Continuous Delivery and Integration with SDF

October 13, 2023 | 6 minute read
Federico Donner
SDN Solutions Engineer at Oracle NetSuite
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Version Control

Tools for developing Suiteapps have come a long way and have embraced some of the industry’s good practices. One of the key concepts for successful app development, especially within large teams is the use of version control systems. They allow for the simultaneous editing of source files, automatic changelog generation, code auditing, release milestones, and through the integration of cloud tools automated testing and deployment.

In this article we will explore the syntax and configurations to execute Continuous Integration and Continuous Deployment for SDF projects. We will use BitBucket and GitHub as examples but feel free to explore other possibilities that could better suit your needs. Basic Git knowledge is assumed for this article.

Continuous Integration and Continuous Deployment

SuiteCloud development happens locally but once a version of your SuiteApp is ready, it needs to be tested and deployed. Continuous Integration and Continuous Deployment deals with automating that process when a commit is created on the main branch.

Bitbucket Pipelines

BitBucket pipelines is a service that allows to automatically build and deploy your code based on a configuration YAML file in the repository. The system creates a fresh container where commands can be run.

The pipeline configuration is a YAML file called bitbucket-pipelines.yml that needs to live in the root of the project. This file has a specific structure that defines what the pipeline does and its parameters. This is an example of a YAML pipeline file:

image: vickcam/suitecloud-cli-node:1.0
pipelines: 
    branches: 
        main: 
            - step: 
                name: Deploying to QA 
                caches: 
                    - node 
                script: 
                  # Credentials 
                - suitecloud account:ci --savetoken --account $ACCOUNT_ID --authid $AUTH_ID --tokenid $TOKEN_ID --tokensecret $TOKEN_SECRET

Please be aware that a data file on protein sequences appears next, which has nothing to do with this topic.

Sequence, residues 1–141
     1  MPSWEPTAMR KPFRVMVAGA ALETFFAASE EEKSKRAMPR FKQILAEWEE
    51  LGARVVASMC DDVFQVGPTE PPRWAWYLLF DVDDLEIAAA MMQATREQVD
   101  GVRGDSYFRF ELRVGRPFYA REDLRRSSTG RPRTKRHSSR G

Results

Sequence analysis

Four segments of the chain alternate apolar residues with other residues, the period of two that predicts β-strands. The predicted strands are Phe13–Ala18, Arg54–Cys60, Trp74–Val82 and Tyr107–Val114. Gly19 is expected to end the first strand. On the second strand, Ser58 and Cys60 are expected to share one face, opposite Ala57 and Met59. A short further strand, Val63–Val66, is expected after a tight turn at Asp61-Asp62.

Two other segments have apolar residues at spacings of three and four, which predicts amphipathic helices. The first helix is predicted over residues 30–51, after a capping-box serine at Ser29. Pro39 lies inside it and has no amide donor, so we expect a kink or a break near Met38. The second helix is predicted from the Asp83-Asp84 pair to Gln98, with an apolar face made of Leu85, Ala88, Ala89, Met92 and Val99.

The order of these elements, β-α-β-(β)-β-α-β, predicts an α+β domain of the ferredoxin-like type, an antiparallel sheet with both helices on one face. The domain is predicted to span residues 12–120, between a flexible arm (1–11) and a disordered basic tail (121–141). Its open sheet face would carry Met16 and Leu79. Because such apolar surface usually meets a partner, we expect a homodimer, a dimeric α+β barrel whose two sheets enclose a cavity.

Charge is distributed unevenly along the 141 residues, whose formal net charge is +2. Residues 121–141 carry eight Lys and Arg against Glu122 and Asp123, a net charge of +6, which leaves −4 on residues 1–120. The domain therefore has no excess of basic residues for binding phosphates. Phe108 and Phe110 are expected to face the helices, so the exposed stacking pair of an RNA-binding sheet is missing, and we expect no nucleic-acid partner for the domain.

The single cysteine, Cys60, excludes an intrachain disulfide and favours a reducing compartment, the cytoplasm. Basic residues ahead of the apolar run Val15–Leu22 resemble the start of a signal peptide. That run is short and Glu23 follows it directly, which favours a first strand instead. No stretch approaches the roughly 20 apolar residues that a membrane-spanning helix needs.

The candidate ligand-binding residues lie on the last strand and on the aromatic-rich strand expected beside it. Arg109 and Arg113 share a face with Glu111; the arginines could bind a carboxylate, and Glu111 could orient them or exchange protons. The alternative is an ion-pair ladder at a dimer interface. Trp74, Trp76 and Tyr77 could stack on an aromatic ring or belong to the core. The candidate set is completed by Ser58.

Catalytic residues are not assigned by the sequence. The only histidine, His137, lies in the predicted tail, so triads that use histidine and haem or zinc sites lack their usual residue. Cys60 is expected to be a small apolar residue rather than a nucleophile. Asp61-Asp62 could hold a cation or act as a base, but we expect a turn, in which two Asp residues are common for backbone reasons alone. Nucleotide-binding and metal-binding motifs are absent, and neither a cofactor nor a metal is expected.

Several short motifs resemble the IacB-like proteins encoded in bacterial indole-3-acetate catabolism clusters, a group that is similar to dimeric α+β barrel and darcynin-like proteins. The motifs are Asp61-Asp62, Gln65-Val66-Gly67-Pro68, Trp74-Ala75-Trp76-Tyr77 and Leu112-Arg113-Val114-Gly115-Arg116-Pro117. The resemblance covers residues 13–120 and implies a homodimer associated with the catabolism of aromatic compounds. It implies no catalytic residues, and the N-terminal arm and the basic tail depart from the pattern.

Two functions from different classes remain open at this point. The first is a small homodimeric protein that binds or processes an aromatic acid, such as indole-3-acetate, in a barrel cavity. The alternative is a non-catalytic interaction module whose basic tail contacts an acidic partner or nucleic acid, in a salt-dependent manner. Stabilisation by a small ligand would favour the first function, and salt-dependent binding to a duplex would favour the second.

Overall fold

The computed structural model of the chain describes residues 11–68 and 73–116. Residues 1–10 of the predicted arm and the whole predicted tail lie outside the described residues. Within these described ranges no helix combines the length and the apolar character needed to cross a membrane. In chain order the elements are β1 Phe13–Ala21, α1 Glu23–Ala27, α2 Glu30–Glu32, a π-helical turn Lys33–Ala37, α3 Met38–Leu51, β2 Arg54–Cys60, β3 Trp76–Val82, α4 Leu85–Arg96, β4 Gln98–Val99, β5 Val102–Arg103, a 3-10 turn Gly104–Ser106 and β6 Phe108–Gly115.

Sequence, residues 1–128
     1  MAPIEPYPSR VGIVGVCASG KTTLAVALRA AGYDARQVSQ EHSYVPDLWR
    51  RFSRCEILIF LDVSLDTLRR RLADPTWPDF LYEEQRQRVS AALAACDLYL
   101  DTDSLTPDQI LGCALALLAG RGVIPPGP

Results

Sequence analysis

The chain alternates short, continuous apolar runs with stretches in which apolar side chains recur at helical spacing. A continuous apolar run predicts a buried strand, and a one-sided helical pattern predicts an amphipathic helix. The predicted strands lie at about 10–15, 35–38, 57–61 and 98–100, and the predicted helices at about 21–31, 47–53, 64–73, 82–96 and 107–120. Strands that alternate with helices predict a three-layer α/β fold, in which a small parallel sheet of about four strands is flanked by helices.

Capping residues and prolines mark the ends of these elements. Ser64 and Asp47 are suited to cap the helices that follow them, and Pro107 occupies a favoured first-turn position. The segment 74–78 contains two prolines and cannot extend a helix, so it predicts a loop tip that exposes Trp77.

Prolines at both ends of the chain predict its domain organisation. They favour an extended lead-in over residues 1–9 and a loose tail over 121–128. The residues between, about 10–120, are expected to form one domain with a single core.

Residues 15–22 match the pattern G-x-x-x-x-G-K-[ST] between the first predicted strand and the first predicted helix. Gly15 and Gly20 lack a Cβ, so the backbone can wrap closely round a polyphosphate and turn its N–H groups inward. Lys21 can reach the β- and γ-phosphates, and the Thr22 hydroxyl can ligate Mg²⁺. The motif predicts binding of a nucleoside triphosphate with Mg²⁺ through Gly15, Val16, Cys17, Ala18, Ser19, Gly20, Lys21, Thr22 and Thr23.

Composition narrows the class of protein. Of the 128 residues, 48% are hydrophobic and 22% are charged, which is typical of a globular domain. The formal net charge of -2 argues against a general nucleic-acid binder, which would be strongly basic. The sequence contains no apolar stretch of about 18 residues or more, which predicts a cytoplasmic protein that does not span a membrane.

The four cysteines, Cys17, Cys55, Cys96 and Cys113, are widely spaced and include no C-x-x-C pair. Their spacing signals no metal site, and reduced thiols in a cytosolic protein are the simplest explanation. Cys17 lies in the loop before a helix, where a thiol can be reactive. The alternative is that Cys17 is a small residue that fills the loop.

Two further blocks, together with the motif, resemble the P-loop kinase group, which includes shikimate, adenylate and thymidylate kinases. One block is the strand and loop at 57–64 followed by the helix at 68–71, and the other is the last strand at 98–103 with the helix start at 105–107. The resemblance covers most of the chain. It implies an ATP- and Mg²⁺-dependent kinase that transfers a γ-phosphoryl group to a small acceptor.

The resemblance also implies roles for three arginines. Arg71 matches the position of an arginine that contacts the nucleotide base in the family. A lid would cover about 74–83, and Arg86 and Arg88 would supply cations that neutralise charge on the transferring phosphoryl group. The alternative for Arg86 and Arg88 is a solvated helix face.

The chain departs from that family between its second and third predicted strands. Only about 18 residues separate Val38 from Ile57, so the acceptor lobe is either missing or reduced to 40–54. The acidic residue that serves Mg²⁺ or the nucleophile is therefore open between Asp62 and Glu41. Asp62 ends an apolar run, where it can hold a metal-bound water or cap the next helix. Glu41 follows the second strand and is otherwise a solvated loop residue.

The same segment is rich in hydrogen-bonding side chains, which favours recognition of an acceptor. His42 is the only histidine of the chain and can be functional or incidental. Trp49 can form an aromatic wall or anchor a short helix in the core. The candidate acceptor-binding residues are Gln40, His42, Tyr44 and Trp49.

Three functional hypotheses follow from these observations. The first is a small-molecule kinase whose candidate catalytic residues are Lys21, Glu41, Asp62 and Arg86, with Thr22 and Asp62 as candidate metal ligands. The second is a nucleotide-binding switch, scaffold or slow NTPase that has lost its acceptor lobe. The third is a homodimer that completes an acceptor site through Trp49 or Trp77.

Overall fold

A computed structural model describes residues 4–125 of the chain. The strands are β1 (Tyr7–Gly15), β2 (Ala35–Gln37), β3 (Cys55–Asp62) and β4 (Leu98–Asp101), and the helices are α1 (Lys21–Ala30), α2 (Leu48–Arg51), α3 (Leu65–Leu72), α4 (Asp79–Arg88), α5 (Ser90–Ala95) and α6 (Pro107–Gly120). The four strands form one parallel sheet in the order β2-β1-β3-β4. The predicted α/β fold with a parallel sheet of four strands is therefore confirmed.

# validation 
                    - suitecloud project:validate 
                    # Deployment 
                    - suitecloud project:deploy
  • image. The image tag specifies which container will be used to run the pipeline, Suitecloud needs a specific version of JDK and Node, this image has them installed vickcam/suitecloud-cli-node:1.0
  • pipelines. This tag needs to be present as the first in the tree
  • branches. This tag indicates that the pipeline will only apply to certain branches within the Git structure, in our example we will apply them only to the Main branch. Underneath the branches tag you must specify which branches you want the pipeline to apply
  • - step. This tag indicates a step within the pipeline. You can add as many steps as you need for the process
  • caches. Indicates dependencies of external libraries. In this case we need node to be up and running in order to execute Suitecloud instructions
  • script. Finally, the script tag contains a list of commands that are executed in sequence. Instructions can be defined inside the YAML file or, if they’re too complex, an external script file can be imported

The main difference between the “- step” tag and the steps within the “script” tag is that new steps can have different caches, run within different images or have specific configurations, while the instructions within the script tag run successively once the environment has been configured.